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Light intensity physical activity and sedentary behavior in relation to body mass index and grip strength in older adults: Cross-sectional findings from the lifestyle interventions and independence for elders (LIFE) study

Bann, D and Hire, D and Manini, T and Cooper, R and Botoseneanu, A and McDermott, MM and Pahor, M and Glynn, NW and Fielding, R and King, AC and Church, T and Ambrosius, WT and Gill, T (2015) Light intensity physical activity and sedentary behavior in relation to body mass index and grip strength in older adults: Cross-sectional findings from the lifestyle interventions and independence for elders (LIFE) study. PLoS ONE, 10 (2).

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Abstract

© 2015 PLOS ONE. Background: Identifying modifiable determinants of fat mass and muscle strength in older adults is important given their impact on physical functioning and health. Light intensity physical activity and sedentary behavior are potential determinants, but their relations to these outcomes are poorly understood. We evaluated associations of light intensity physical activity and sedentary time-assessed both objectively and by self-report-with body mass index (BMI) and grip strength in a large sample of older adults. Methods: We used cross-sectional baseline data from 1130 participants of the Lifestyle Interventions and Independence for Elders (LIFE) study, a community-dwelling sample of relatively sedentary older adults (70-89 years) at heightened risk of mobility disability. Time spent sedentary and in light intensity activity were assessed using an accelerometer worn for 3-7 days (Actigraph GT3X) and by self-report. Associations between these exposures and measured BMI and grip strength were evaluated using linear regression. Results: Greater time spent in light intensity activity and lower sedentary times were both associated with lower BMI. This was evident using objective measures of lower-light intensity, and both objective and self-reported measures of higher-light intensity activity. Time spent watching television was positively associated with BMI, while reading and computer use were not. Greater time spent in higher but not lower intensities of light activity (assessed objectively) was associated with greater grip strength in men but not women, while neither objectively assessed nor self-reported sedentary time was associated with grip strength. Conclusions: In this cross-sectional study, greater time spent in light intensity activity and lower sedentary times were associated with lower BMI. These results are consistent with the hypothesis that replacing sedentary activities with light intensity activities could lead to lower BMI levels and obesity prevalence among the population of older adults. However, longitudinal and experimental studies are needed to strengthen causal inferences.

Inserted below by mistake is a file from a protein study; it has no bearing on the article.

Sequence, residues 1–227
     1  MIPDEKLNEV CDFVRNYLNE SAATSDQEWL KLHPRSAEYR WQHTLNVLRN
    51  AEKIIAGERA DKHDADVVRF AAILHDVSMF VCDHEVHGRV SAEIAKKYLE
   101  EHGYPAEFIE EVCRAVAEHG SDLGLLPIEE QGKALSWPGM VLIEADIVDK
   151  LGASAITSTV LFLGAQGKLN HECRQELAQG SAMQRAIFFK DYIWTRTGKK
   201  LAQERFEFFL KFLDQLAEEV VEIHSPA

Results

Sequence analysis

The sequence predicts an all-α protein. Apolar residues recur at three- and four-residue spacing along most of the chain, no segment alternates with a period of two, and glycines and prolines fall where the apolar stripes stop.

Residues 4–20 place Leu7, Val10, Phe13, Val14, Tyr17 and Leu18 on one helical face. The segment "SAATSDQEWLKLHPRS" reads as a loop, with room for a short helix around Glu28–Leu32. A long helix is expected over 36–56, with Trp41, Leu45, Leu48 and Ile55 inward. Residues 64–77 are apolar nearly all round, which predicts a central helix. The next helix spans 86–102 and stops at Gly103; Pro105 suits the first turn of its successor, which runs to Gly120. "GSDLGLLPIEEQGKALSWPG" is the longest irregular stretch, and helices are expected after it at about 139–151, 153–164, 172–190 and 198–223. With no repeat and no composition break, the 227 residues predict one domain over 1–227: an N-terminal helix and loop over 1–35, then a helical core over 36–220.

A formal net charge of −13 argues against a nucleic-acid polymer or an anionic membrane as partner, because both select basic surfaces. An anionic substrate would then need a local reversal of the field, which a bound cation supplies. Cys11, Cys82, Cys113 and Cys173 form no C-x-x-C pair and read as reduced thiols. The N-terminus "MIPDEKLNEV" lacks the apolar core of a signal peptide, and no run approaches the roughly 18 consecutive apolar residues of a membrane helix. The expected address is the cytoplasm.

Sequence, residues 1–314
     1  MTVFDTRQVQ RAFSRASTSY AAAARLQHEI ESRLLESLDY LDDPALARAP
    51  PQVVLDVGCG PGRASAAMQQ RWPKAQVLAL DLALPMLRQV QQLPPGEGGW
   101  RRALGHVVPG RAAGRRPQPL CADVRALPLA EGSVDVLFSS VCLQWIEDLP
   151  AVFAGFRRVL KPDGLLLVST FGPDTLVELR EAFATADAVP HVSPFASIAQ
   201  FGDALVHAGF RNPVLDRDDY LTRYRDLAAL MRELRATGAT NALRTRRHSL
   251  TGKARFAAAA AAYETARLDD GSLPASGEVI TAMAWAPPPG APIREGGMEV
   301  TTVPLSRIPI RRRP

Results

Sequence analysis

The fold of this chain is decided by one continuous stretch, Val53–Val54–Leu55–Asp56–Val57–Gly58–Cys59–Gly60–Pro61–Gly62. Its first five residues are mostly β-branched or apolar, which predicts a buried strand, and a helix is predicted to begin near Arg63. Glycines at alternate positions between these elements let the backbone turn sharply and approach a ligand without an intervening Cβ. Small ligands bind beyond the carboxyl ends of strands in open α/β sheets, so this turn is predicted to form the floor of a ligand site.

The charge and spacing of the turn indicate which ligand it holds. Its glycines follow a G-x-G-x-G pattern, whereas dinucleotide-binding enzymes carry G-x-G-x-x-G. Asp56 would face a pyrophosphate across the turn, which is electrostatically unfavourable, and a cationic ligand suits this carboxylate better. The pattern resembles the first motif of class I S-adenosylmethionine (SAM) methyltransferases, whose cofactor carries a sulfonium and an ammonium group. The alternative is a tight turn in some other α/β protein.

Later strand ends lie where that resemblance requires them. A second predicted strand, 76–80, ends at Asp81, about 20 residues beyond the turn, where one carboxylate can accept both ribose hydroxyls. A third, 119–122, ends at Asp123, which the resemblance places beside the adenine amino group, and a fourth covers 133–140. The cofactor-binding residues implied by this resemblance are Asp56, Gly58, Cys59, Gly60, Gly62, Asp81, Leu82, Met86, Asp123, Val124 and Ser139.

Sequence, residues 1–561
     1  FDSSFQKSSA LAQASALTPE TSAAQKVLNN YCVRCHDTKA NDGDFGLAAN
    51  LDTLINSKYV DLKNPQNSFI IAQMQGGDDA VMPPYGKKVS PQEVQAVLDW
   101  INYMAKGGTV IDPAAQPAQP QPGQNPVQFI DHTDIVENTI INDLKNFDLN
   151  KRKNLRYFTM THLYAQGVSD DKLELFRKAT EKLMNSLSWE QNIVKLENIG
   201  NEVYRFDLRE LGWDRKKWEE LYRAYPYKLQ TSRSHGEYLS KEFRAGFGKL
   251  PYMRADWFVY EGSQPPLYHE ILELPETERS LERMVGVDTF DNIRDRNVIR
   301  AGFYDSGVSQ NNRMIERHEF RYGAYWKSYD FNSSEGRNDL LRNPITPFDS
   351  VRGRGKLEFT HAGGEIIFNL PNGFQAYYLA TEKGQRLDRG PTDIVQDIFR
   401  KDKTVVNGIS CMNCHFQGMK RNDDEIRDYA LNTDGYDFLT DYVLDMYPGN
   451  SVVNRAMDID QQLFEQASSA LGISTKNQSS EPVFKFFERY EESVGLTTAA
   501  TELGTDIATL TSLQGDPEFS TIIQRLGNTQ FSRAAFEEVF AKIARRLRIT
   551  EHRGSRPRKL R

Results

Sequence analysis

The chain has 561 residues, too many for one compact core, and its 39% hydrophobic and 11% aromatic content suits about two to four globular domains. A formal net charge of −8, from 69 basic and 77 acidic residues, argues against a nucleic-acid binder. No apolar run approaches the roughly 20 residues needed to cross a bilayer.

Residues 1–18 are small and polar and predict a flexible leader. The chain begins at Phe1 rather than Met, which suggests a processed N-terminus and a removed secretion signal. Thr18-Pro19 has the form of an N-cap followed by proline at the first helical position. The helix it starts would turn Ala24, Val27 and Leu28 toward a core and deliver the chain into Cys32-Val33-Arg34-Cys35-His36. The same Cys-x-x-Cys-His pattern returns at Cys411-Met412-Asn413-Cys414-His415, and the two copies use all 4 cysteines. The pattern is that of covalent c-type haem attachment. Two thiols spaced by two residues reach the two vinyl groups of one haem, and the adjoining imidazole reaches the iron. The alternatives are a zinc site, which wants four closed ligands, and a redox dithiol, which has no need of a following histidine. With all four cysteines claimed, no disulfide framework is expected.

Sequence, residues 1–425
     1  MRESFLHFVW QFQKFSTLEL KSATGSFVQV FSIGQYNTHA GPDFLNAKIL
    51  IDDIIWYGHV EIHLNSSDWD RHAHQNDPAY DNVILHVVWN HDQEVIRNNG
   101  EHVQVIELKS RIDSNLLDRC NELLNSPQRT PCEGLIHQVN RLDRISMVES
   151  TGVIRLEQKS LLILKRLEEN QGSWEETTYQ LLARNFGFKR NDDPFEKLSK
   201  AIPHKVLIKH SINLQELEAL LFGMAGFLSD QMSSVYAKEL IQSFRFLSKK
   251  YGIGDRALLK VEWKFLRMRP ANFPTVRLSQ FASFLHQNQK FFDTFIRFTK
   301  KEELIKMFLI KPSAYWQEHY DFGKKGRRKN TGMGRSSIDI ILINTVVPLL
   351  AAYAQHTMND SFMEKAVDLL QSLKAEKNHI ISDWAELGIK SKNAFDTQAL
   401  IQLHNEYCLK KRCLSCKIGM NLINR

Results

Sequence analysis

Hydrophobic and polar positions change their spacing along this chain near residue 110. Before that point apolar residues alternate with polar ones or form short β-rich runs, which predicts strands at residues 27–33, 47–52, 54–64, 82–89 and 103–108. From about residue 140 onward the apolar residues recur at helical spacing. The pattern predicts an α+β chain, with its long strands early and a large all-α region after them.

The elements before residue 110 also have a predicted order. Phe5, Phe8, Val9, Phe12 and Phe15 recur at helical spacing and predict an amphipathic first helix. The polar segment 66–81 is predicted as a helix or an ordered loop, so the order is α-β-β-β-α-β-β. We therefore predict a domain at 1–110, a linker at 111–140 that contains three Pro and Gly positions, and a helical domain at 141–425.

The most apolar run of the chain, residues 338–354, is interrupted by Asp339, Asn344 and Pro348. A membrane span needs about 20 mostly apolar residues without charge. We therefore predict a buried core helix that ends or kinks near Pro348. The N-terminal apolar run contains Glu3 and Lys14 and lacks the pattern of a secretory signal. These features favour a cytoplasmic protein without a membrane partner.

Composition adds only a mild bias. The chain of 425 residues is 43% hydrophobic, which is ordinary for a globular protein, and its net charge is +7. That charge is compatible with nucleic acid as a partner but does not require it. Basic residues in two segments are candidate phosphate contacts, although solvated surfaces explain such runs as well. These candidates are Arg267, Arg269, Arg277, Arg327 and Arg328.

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Details

Item Type: Article
Status: Published
Creators/Authors:
CreatorsEmailPitt UsernameORCID
Bann, D
Hire, D
Manini, T
Cooper, R
Botoseneanu, A
McDermott, MM
Pahor, M
Glynn, NWglynnn@edc.pitt.eduEPIDNWG
Fielding, R
King, AC
Church, T
Ambrosius, WT
Gill, T
Contributors:
ContributionContributors NameEmailPitt UsernameORCID
EditorTranah, GregoryUNSPECIFIEDUNSPECIFIEDUNSPECIFIED
Date: 3 February 2015
Date Type: Publication
Journal or Publication Title: PLoS ONE
Volume: 10
Number: 2
DOI or Unique Handle: 10.1371/journal.pone.0116058
Schools and Programs: Graduate School of Public Health > Epidemiology
Refereed: Yes
Other ID: NLM PMC4315494
PubMed Central ID: PMC4315494
PubMed ID: 25647685
Date Deposited: 12 May 2015 19:52
Last Modified: 02 Feb 2019 16:56
URI: http://d-scholarship.pitt.edu/id/eprint/24085

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